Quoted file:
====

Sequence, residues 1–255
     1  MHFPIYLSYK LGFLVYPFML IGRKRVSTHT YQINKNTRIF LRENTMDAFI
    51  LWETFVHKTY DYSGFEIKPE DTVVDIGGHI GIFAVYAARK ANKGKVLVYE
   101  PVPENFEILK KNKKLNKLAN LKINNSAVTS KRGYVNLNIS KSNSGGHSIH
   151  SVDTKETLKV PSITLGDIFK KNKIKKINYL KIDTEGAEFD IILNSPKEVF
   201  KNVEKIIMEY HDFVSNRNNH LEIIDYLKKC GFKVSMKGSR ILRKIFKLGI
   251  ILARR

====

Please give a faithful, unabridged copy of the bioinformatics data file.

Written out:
Sequence, residues 1–255
     1  MHFPIYLSYK LGFLVYPFML IGRKRVSTHT YQINKNTRIF LRENTMDAFI
    51  LWETFVHKTY DYSGFEIKPE DTVVDIGGHI GIFAVYAARK ANKGKVLVYE
   101  PVPENFEILK KNKKLNKLAN LKINNSAVTS KRGYVNLNIS KSNSGGHSIH
   151  SVDTKETLKV PSITLGDIFK KNKIKKINYL KIDTEGAEFD IILNSPKEVF
   201  KNVEKIIMEY HDFVSNRNNH LEIIDYLKKC GFKVSMKGSR ILRKIFKLGI
   251  ILARR